A Houston teen accused of killing his parents claimed, “It’s all my fault” to a dispatcher during the 911 call he made following the shootings.
Jurors listened Wednesday as prosecutors played audio of the 911 call Armstrong made at 1:40 a.m. the day of the killings. By the time he made the call, Dawn Armstrong was dead from a gunshot wound to the head.
Antonio Armstrong Sr. was shot in the head, as well, although he was pronounced dead at a hospital.
At the beginning of the call, a dispatcher can be heard asking if medical attention was needed. The seemingly confused teen responded, “I … I heard gunshots so I don’t really know, ’cause I …” The dispatcher then asked if the sound came from his parents’ bedroom.
“Yes,” Armstrong responded. “Yes, and their door is cracked open, and it’s never cracked open.”
“Did it sound like a handgun, rifle or shotgun?” the dispatcher asked.
“I’m not good with guns, but I … I guess like a … I don’t know, um … 15 or something like that. I know my dad has a gun underneath the … God, where does he keep his gun?” a confused Armstrong can be heard saying before he continued, “Um … I think he keeps it in this drawer right next to his bed.”
The call continued with Armstrong giving the dispatcher directions to the family’s home, which is located along the 5300 block of Palmetto Street, near Bellaire in southwest Houston.
Houston police arrested the then-16-year-old after investigators determined Antonio Armstrong Sr. and Dawn Armstrong’s killer came from within the home.
Armstrong’s defense team did not have a chance to respond to the audio recordings during court Wednesday but did so in remarks to reporters after proceedings wrapped for the day.
Rick DeToto, Armstrong’s defense attorney, said the audio of his client saying, “It’s all my fault” was misleading.
“A.J. says that it’s all his fault that he didn’t stop the mass intruder, and he felt guilty about that. It’s not a confession. They tried to play it that way, but it’s not a confession,” DeToto said.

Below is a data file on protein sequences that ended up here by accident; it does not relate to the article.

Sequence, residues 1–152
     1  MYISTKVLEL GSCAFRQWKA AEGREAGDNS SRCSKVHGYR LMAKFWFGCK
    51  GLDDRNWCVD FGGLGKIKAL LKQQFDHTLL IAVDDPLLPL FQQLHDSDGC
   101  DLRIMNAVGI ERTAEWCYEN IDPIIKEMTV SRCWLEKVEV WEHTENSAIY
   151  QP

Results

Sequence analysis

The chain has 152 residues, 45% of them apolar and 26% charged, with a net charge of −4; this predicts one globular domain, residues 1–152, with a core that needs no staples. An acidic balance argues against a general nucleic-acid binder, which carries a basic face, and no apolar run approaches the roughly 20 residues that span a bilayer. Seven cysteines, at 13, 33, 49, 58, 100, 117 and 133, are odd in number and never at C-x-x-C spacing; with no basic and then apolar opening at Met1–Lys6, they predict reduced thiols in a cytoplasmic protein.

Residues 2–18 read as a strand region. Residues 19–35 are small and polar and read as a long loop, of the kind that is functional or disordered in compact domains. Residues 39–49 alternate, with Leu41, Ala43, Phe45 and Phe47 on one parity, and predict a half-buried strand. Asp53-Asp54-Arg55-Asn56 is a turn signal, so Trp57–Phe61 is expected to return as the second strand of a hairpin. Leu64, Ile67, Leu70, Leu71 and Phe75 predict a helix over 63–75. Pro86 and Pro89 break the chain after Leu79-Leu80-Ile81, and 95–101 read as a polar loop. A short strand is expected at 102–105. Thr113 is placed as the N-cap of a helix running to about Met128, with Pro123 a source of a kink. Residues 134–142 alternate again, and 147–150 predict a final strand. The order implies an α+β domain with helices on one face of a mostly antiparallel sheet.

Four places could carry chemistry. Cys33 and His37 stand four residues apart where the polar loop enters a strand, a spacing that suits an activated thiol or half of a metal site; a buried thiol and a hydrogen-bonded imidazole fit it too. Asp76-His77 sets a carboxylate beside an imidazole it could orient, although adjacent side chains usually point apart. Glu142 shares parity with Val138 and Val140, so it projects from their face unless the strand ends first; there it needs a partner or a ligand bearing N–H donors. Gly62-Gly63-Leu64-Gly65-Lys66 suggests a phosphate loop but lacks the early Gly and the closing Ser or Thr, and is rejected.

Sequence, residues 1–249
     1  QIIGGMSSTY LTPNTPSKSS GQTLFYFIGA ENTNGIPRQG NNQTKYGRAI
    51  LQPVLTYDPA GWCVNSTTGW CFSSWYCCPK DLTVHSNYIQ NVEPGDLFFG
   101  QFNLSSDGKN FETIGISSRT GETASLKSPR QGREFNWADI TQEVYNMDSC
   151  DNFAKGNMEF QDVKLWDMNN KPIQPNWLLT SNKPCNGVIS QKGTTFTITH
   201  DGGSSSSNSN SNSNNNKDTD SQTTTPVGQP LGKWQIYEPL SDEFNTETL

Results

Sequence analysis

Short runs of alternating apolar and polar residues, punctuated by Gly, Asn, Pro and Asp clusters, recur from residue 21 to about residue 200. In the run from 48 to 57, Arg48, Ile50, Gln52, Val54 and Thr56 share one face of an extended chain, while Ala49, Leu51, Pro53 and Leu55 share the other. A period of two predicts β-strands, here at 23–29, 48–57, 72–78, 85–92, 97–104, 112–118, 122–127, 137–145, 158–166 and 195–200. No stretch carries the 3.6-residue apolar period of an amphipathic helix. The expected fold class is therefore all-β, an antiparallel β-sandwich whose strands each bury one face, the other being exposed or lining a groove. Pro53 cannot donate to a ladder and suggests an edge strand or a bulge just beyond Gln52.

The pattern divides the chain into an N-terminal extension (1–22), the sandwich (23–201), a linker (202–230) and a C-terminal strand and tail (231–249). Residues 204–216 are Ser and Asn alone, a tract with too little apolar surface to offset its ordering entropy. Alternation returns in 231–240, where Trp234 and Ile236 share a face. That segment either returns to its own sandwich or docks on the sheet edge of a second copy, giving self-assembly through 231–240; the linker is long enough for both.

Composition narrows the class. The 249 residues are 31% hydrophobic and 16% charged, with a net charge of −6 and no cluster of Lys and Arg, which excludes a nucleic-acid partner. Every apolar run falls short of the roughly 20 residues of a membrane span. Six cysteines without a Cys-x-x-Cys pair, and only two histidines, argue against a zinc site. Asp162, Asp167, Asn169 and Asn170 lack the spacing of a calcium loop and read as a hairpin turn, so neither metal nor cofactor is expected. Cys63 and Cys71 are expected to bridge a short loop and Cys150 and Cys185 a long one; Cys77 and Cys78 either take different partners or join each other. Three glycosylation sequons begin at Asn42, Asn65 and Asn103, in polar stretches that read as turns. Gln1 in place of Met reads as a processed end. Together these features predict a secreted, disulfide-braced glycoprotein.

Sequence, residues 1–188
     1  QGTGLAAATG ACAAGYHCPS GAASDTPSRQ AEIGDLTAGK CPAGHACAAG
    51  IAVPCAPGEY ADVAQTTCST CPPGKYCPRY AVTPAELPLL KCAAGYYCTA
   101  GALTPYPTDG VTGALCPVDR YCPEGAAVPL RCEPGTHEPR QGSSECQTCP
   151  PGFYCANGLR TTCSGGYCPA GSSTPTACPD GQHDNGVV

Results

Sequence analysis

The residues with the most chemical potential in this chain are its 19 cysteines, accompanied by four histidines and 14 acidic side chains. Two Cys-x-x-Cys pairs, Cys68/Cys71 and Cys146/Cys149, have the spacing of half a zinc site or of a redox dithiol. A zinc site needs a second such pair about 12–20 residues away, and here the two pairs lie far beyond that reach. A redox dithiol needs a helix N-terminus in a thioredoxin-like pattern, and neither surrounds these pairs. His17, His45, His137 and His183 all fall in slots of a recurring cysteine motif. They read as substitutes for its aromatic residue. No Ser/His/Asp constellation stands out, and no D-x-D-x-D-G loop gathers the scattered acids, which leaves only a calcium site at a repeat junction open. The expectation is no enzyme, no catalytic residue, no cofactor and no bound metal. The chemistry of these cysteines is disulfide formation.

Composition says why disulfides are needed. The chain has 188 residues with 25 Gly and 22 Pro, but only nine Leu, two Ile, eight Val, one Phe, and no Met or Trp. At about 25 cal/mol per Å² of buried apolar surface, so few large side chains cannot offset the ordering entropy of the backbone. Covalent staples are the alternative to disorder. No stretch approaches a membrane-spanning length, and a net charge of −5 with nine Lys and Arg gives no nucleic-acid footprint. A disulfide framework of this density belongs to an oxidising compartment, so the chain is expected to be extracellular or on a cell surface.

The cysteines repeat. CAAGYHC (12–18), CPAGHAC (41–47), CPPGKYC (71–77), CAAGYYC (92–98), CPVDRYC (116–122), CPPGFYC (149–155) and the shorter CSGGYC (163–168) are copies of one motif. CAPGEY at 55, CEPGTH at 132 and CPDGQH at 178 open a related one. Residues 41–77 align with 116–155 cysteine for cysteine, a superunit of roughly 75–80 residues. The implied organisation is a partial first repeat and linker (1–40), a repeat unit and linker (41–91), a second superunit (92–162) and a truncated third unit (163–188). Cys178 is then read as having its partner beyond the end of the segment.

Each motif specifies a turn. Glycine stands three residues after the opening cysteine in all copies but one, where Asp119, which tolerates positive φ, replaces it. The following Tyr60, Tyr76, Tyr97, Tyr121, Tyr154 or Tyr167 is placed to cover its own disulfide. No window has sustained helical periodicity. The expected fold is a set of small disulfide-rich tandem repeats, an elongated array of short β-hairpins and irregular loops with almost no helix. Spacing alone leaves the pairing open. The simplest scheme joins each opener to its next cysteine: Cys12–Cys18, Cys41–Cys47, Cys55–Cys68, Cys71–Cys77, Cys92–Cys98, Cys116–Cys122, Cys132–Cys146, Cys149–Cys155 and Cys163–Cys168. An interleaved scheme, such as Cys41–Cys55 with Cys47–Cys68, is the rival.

DeToto said jurors will have a chance to hear Armstrong’s full statement to Houston Police Department homicide detectives as soon as Thursday.
Armstrong maintains his innocence, claiming he saw a masked person in the home after hearing gunshots.
After the prosecution played the 911 audio, it called a Houston police officer to the stand. Officer Jimmy James was assigned to HPD’s Crime Scene Unit, tasked with taking pictures and shooting video of the Armstrongs’ home after the crime.
Jurors saw some of the photographs and video James recorded. The video started with footage of the home’s exterior, continuing inside the home.
The video documents the murder weapon, which police found on a kitchen counter with a note next to it. The video continues to the master bedroom on the second floor, where the victims were shot.
Jurors watched footage of bloodstains on the couple’s bed, bloody pillows and Dawn Armstrong’s lifeless body, with an apparent gunshot wound to the head.
The defendant wept when he saw his mother dead in her bed. His defense team could be seen consoling him as his head sank into the palms of his hands.
During his testimony, James said his documentation was thorough.
“Did you miss anything that night at the Armstrong house? asked the prosecutor, John Brewer, referring to evidence James collected.
“No, sir,” James replied.
But the defense poked holes in that claim during the cross examination. DeTodo questioned James at length about motion sensors in the home. He also asked James if he documented a keypad near the garage door.
“There’s no fingerprints in this case involving the keypad, right?” DeTodo asked James during cross examination.
“Yes, sir,” James replied.
After court, DeTodo told reporters James’ claim that he documented a thorough sweep of evidence inside the Armstrongs’ home was false.
“He had no idea regarding the vast majority of the layout of the house after being there for seven hours, so that’s reasonable doubt,” DeTodo said.
Court resumes Thursday at 9 a.m. KPRC2 will be there and provide updates throughout the day.